Amalak's annual Tour of Homes to spotlight four houses

2012-12-08T20:00:00Z 2012-12-10T10:20:36Z Amalak's annual Tour of Homes to spotlight four housesBy Cathy Zimmerman / The Daily News Longview Daily News
December 08, 2012 8:00 pm  • 

Every one of the Christmas decorations that fill Darrell and Sheila Thomas’s Kalama home fit in the context of their family history.

The Santa collection and the house collection tell stories all their own.

The 1950s sled on the front porch, decked out with evergreen and a bow, is not from an antique shop — it actually zoomed down the rolling hills on these acres high above the Columbia River.

Sheila’s Madame Alexander dolls, as crisp and new as their heyday in the 1940s and ’50s, survived not just time, but a family crisis.

But you can see for yourself.

The Thomases and three other households will welcome guests Thursday during the Kalama Tour of Homes.

Kalama’s tour, sponsored by Amalak women’s club, relies on shuttle vehicles that leave from the Hendrickson Mall. Visitors can relax while they are ferried into the hills around the town.

Old treasures, new life

A glimpse of the Thomas house gives away none of its history.

Sheila was raised in Kalama but moved to California with Darrell. When the couple returned to Kalama in 1980, Sheila’s parents, David and Edith Martin, gave them five of her 26 acres.

“My uncle Mac and cousin Tim Poulsen built our new house on the crest of the hill,” Sheila explained.

“In 1986, a fire totally destroyed our new home. We built it back with a few moderate changes and moved back in May of 1987.”

The second time around, again, “was truly a family project,” she said. “This time my cousin Tim was the carpenter, Uncle Mac was the finish carpenter, cousin Pete Poulsen was the tile guy, and Darrell was the plumber and overall handy guy.

“I painted the interior and we hired most of the 1986 Kalama football team to paint the exterior. They worked for cash and all the food they could eat!”

The two chapters of the place must have been meant to be — the reincarnarted house could not be more cozy, nor more lovely.

Last week, Darrell was “vacuuming” one of the two fresh evergreens that will stand in the living room and upstairs family room.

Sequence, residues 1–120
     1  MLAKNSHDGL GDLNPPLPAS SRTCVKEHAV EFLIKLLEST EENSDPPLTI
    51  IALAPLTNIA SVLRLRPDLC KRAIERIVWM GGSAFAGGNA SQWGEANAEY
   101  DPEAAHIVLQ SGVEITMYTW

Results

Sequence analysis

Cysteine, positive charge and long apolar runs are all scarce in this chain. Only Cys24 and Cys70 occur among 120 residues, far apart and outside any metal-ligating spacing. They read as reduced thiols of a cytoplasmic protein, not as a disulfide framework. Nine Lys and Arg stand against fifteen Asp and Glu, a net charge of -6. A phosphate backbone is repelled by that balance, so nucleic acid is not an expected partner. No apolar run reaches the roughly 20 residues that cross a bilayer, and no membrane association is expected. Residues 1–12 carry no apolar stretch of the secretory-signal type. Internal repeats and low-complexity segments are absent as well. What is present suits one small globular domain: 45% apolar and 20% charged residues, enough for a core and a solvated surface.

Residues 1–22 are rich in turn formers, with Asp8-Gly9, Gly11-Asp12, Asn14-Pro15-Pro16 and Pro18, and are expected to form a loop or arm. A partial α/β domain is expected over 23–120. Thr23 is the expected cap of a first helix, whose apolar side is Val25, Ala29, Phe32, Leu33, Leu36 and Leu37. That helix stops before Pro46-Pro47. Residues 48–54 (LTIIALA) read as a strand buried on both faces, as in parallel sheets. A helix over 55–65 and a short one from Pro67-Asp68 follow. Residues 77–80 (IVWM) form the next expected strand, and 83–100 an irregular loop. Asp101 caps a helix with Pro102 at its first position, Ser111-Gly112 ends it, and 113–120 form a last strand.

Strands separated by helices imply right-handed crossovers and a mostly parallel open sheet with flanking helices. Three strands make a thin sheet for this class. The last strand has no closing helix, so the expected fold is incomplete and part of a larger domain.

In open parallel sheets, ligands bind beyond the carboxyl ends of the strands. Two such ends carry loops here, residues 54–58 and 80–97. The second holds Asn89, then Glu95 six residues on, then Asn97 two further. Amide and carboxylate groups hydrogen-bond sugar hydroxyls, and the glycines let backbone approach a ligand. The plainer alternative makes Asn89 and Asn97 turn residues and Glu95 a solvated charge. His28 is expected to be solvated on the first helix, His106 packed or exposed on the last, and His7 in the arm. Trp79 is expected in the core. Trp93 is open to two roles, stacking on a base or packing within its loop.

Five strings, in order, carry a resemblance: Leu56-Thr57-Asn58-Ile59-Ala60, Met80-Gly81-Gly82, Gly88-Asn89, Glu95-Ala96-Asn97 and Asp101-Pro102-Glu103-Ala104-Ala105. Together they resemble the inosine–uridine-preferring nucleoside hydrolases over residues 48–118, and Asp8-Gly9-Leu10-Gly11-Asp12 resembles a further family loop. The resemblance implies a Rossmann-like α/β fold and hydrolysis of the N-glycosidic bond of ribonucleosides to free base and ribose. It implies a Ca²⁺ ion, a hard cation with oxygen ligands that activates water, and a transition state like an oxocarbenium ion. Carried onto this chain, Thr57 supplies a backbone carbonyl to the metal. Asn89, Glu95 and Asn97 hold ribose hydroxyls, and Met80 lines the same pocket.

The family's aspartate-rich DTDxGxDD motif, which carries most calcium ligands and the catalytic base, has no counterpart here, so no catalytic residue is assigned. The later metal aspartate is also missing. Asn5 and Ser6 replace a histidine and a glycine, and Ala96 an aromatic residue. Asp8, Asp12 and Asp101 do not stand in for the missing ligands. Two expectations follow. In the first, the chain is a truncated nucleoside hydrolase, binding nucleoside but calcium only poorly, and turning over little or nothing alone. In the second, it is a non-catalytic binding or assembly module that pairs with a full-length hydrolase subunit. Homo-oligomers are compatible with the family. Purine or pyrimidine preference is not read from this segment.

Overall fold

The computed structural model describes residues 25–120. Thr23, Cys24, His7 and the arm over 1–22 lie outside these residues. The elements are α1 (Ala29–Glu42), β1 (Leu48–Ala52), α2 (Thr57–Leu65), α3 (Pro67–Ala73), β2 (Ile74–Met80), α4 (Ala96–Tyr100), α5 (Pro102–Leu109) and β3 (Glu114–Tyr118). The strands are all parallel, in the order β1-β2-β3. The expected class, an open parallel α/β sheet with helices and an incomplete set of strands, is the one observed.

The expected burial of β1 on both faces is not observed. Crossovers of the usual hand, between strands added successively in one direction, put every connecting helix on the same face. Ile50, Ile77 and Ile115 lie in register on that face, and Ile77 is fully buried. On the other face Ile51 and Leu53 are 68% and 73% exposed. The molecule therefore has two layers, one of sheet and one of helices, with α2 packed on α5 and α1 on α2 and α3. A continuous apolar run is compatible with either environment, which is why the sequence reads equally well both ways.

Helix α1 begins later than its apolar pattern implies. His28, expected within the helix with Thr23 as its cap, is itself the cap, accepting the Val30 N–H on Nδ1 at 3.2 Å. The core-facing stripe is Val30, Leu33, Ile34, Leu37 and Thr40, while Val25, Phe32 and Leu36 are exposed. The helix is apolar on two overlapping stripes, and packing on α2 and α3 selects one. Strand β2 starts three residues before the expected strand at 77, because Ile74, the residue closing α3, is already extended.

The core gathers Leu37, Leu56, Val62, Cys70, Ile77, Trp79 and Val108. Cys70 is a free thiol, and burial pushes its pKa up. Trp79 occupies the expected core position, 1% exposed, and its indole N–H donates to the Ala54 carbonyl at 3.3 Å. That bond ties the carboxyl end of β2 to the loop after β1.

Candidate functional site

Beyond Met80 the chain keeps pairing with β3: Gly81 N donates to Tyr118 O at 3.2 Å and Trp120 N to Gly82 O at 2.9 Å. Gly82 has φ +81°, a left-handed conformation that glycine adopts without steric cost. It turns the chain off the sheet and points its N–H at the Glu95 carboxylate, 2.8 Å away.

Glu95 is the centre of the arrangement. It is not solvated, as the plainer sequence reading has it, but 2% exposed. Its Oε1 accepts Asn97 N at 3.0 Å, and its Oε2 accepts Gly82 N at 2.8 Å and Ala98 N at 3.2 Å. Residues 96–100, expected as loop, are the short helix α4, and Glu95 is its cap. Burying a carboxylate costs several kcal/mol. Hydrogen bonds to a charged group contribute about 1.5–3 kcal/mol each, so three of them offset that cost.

Sheila had already decorated just about every nook in the house: the utility room “cookie baking scene,” the snowman bedroom, the red-and-white kitchen nook where tablecloth, candles, flowers, and dishes are share that color scheme, including a covered butter dish with a red cardinal on top.

The more formal dining table is set with the Spode Christmas tree china that family members have gifted over the years.

“It really helps to have a December birthday,” Sheila said. Ideas for presents were always easy, swelling her holiday collections.

“My mother started it,” said Sheila of Edith, now 96, who lives just down the hill.

Not only did Edith suggest the Santa idea 30 years ago, but she brought back wonderful additions from her travels. “My mother loves to look for things.”

Her detailed fascimilies of famous churches and Victorian houses are ironically manufactured under the brand name “Sheila.”

Once, Sheila said, her mother found shelves that hold some of the beloved two-dimensional houses — at a garage sale. “They were built expressly for that purpose.”

She also has little trees set here and there, each with a theme. Look for trees decorated with Darrell’s favorite pastimes — a fishing tree, and one dedicated to the Oregon Ducks.

As for the Santas, it’s fun to spy them. “They’re just all over the house,” Sheila said.

There are Scottish Santas, including one who holds high an ornament of a Santa head. “The kids call him ‘the executioner,’ ” Sheila said.

A Santa from Hawaii wears a lei, grass skirt and flip-flops. And a French (begin ital) Pere Noel (end ital) in the kitchen wears an apron and holds a bag of baguettes and a wheel of cheese.

Thoughout the house, Edith’s quilts — on a bed, and one that’s a table runner — cheer up the decor.

Downstairs, one large room is full of childhood.

A cradle made by Sheila’s father, who died in 1992, holds a china baby doll that once was a a gift for Edith.

Old-fashioned wooden blocks spill from a box. A framed photo shows the Thomases’ six grandchildren, and nearby are well-worn white baby shoes of their three grown offspring, Ted, Terri and David.

David’s scuffed shoes have never had the dried mud cleaned off. “He’s, let’s see, 41 now,” Sheila said.

A much-loved teddy bear still has a faint smell of smoke — he survived the fire, she said. So did the Madame Alexanders. Terri was a freshman in college that year, and she had taken the dolls, in their boxes, along with her.

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